The team of US and Vietnamese scientists were researching the ecology of landscapes among limestone karst formations, rivers and valleys of a heavily forested part of northern Vietnam last year. They undertook night hikes which took them wading along rivers and streams and wandering through jungles, catching and recording information about a broad variety of the region’s flora and fauna.
But it was only while they were on their way to a survey site that the scientists spotted a snake on the road and stopped to investigate it.
The creature had dark iridescent scales, which shifted almost like a hologram from electric blue to acid green in the light, and they were laid out in an unusual pattern.
Instead of the scales lying one across the other as is usual among snakes, the ridged scales lay in what is known as a “keeled” pattern, and gives rise to the nickname “odd-scaled snakes”.
Until this snake was found, keeled scales had only been recorded in 13 species, six of which were from Vietnam.
Furthermore, the snake had unusual eyes, lacking photoreceptors, suggesting it spent most of its life underground or below leaflitter in the forest.
The team knew immediately they had found a new species.
“In 22 years of surveying reptiles in Vietnam, I have collected only six odd-scaled snakes,” said Truong Nguyen, vice director of the Institute for Ecology and Biological Resources at the Vietnam Academy of Science and Technology, according to a blog post on the Smithsonian National Museum of Natural History’s website.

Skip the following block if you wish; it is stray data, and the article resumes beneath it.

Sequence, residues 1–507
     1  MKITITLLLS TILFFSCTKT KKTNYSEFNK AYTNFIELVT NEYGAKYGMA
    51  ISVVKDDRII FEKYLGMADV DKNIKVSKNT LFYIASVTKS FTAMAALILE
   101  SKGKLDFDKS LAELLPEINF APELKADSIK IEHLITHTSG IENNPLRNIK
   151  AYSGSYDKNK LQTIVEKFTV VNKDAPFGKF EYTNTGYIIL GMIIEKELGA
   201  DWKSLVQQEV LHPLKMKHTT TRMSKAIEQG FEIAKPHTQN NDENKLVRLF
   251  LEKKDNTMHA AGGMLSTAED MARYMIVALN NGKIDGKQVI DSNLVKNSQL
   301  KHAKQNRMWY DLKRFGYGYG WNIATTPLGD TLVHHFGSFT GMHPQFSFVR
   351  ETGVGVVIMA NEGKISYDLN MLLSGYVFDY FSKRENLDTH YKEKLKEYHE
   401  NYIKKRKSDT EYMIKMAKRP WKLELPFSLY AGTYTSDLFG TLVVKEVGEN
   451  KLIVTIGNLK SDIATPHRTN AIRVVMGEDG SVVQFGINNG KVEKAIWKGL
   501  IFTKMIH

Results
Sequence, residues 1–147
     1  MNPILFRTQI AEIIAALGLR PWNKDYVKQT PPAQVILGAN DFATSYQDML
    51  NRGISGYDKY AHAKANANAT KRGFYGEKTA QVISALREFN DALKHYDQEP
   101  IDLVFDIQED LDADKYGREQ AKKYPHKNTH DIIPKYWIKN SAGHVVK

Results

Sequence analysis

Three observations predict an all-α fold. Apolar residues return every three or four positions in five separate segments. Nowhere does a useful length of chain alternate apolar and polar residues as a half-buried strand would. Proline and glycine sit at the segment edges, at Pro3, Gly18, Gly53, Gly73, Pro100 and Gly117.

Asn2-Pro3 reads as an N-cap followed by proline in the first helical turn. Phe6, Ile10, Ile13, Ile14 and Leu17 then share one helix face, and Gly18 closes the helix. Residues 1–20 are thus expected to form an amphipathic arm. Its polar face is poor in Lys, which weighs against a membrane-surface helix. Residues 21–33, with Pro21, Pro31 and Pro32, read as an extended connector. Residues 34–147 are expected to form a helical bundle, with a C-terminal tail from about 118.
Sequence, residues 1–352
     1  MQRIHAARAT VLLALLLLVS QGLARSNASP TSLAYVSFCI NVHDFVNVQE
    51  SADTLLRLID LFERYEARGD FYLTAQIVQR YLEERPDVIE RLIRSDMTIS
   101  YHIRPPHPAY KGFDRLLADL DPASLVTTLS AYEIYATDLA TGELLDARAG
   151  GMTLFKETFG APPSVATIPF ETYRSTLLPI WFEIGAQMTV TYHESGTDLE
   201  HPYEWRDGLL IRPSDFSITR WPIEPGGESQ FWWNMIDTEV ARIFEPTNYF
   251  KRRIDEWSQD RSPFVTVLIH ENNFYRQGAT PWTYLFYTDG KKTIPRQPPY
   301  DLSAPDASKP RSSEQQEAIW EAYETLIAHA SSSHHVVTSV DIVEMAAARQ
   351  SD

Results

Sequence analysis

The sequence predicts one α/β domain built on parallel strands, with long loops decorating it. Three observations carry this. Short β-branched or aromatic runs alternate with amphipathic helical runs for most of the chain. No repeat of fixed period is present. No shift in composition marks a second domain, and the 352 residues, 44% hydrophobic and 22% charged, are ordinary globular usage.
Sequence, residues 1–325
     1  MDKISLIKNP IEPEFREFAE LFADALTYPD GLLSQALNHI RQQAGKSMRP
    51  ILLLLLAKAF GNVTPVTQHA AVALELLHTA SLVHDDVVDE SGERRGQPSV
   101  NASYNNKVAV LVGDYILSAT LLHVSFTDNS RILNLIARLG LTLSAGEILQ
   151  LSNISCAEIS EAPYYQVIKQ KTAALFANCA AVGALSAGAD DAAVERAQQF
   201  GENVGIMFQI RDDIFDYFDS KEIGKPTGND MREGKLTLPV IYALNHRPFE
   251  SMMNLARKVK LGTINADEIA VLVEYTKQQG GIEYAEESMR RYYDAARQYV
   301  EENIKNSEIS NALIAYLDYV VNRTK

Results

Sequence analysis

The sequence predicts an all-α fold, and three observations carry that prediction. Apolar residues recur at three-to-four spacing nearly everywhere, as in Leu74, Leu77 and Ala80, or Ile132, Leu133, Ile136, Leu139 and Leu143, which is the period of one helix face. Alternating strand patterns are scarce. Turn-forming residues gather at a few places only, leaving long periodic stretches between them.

“This is one of the most poorly-studied groups of reptiles.”
The species, part of the rare genus Achalinus is from a family of burrowing snakes which branched from the evolutionary tree earlier than most other groups.
For this reason, they look and behave unlike many other snakes and could help scientists understand more about snake evolution.
The research team named the new species Achalinus zugorum in honor of the Smithsonian’s retired curator of reptiles and amphibians, George Zug, and his wife, Patricia Zug, the blog post said.
“It’s part of a group of species that has some odd characteristics,” said Dr Kevin de Queiroz, co-author on the paper and curator of amphibians and reptiles at the Smithsonian.
“These snakes have fairly small scales, with skin exposed between them.”
The scientists plan to continue surveying and searching for new species in the area, and are hoping to inspire better protection for the local environment.
“The goal is to eventually find ways for the environment and people to coexist,” said lead author Aryeh Miller, a research fellow at the Smithsonian’s National Museum of Natural History and a graduate student at Washington University in St Louis.
The region faces environmental impacts from deforestation, construction and the overharvesting of species.
“It's happening so quickly that we can't keep up,” he added.
“Some of the species unique to this region are gone before they're even described.”
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